bibleinfo003Our church is reading through the Bible together this year.  I’m amazed at how “easy” it is in theory to read the Bible through in a year. We’re selling copies of the One Year Bible so people can follow a plan more easily.  There are websites that will create a reading plan for you, and you can subscribe to that website so an email or feed can be sent to you so you get your daily dose of Bible reading.  My personal method of choice is YouVersion.  I can log on and read from my computer or even from my phone.  We are in no way limited by means and methods for reading the Bible through in an entire year,  so if its so easy then why is it so hard?

In my entire 33 years of existence I have started practically every January 1st that I can remember and attempted to read the Bible cover to cover.  and every year I get to somewhere around the end of Genesis, and I end up fizzling out.  I’ve tried to read it chronologically, I’ve tried different versions and last year and this year I have tried or am trying  to read it electronically.  But I’ve learned that fulfilling this task has little to do with method, but more to do with intent.  I’m still in my first week of 09 so its a pretty fresh goal this time of year, but a month into the year, that goal seems to slip down the priority list. 

Don’t get me wrong its not that I’ve never read the entire Bible, but this one personal goal is always the hardest one to fulfill.  So this post is probably one of the less encouraging ones I’ve written in a long time.  Its a “let’s be real” post. And Im just wondering if anyone else has this struggle?  How do you deal with an unfulfilled goal?  Am I the only slacker out there? 

I’m open.


12 hours

Its about 8:30 tonight.  My kids are already in bed.  My wife cooked a delicious supper.  The Christmas tree is glowing and smells of pine seem to float through the air.  The fire place is a stage for flames to leap and dance, and in spite of plenty of stuff that we could worry about tonight, life seems so good.

But across town, life seems so different for another family.  They’re sitting in their car, they’ve been there since almost 7 o’clock.  It’s a chilly 43 degrees outside and rather than enjoy the comforts of home tonight they’ve chosen to wait.  What are they waiting for?  Tomorrow morning at 7 a.m. our church will open its doors and give away nearly 1500 bicycles, hundreds of gifts, and 600 boxes of food.  This will all go to families who are truly in need this Christmas.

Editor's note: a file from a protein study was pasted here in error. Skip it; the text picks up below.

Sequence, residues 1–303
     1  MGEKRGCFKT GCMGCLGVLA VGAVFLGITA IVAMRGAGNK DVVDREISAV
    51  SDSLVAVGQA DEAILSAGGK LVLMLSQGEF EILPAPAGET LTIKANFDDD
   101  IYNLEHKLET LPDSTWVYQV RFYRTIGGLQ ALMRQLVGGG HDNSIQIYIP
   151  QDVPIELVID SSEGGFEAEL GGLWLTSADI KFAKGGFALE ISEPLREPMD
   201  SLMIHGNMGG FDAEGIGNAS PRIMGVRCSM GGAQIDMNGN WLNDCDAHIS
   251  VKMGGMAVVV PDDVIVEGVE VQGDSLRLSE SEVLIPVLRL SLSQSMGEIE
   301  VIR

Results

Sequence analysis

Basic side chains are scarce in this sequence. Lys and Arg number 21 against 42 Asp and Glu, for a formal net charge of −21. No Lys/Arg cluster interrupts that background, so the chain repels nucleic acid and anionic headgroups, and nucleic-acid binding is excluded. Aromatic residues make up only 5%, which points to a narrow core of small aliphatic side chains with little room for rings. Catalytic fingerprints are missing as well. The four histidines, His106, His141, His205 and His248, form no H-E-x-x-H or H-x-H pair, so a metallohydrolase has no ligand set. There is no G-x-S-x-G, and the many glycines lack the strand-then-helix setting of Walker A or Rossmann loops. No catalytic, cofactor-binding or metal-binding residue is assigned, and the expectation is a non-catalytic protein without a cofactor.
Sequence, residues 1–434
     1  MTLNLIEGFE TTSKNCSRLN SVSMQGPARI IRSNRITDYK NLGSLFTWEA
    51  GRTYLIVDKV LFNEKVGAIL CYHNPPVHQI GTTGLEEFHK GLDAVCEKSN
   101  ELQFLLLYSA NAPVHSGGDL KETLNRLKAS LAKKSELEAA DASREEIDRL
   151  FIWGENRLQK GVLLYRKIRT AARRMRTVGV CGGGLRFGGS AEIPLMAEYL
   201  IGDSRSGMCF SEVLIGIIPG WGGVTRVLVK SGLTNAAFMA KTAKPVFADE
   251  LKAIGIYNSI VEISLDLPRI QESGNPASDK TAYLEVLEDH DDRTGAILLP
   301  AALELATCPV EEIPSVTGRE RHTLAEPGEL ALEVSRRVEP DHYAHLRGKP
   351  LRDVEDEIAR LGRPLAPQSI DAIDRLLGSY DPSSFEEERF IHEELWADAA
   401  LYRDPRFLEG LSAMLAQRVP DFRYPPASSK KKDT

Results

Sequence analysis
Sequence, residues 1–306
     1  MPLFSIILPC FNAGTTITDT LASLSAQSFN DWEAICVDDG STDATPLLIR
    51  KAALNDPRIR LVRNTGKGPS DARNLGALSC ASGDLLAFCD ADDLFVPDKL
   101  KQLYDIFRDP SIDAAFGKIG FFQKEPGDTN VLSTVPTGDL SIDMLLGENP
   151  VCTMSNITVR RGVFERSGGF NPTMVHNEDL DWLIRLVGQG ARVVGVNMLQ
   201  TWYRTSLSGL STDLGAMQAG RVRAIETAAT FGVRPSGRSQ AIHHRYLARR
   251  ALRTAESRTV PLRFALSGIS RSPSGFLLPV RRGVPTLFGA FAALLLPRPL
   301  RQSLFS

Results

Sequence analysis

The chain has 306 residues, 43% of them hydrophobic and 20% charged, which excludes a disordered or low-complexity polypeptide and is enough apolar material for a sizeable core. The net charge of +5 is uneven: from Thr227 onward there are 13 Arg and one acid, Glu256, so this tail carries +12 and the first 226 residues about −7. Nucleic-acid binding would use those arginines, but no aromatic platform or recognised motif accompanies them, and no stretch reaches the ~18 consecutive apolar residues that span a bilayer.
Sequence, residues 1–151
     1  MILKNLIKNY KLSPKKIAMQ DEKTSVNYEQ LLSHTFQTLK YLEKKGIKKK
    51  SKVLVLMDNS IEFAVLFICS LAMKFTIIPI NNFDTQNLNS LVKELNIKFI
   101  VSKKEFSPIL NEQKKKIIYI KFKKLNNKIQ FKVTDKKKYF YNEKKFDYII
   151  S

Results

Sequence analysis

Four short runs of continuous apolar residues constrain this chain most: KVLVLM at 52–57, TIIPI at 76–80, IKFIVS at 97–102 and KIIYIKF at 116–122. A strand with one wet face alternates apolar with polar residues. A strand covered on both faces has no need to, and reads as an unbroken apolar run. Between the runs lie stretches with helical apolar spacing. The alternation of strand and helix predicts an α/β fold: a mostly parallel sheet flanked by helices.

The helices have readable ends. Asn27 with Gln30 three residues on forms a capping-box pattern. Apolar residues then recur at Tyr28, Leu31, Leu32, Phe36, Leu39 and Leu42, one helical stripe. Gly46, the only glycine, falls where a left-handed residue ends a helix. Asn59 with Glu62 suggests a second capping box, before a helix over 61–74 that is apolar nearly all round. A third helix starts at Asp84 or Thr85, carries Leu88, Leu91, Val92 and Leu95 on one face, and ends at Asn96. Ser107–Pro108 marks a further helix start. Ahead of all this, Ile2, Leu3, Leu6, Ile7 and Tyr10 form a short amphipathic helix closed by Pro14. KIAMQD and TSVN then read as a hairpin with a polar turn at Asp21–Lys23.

I’m always amazed at those who come early every year.  Twelve hours early.  Twelve hours to wait in a car, in the cold, so that this time tomorrow night they can rest a little bit easier knowing their family will have food and their kids will have Christmas this year.

Can you imagine?  12 hours.  Some people will wait in line 12 hours to get a new Xbox, Playstation, or Wii.  Some will wait that long to purchase tickets to a concert or event, or even to see someone famous.  But its a different kind of person who will wait 12 hours to get a simple bicycle for their kid, and a box of food for their family.

12 hours.  To me its unimaginable, but to that family across town tonight it’s worth it.  Its worth it to see a smile on their little girl or boys face.  Its worth it to know they won’t go hungry just yet.  12 hours is the price they are willing to pay for a little bit of hope.

So tonight, I’ll go to sleep in my comfortable bed, but noticeably uncomfortable in my heart.  Disturbed by how blessed I truly am and how easily I overlook those blessings.  And 12 hours from now, I pray that I don’t return to that normal, routine, ungrateful life, but I pray that my life will be changed by the hundreds of people I’ll see tomorrow, and especially the few that were willing to wait 12 hours for a little joy this Christmas season.

Merry Christmas Baldwin County, Merry Christmas!


reading. (2)

churched-11I’ve grown up in church, and sometimes I love to reminisce about my childhood in church.  But I especially love to remember the funny things that happened as well.  Still there are things I experienced growing up in church that looking back now were quite disturbing.  Matthew Paul Turner writes this book from a similar vantage point:

Churched details and American boy’s experiences growing up in a culture where men weren’t allowed to let their hair grow to touch their ears (“an abomination”), women wouldn’t have been caught dead in a pair of pants (unless swimming), and the pastor couldn’t preach a sermon without a healthy dose of hellfire and brimstone.  Matthew grapples with the absurdity of a Sunday School Barbie burning, the passionate annual boxing match between the pastor and Satan, and the terror rapture movies – while growing into a young man who, amidst the chaotic mess of religion, falls in love with Jesus.

I’ve previewed the first chapter and holy cow I can so relate.  I’ll tell you more about it when I’m done.  Did you grow up in church?  What’s your most memorable experience from church?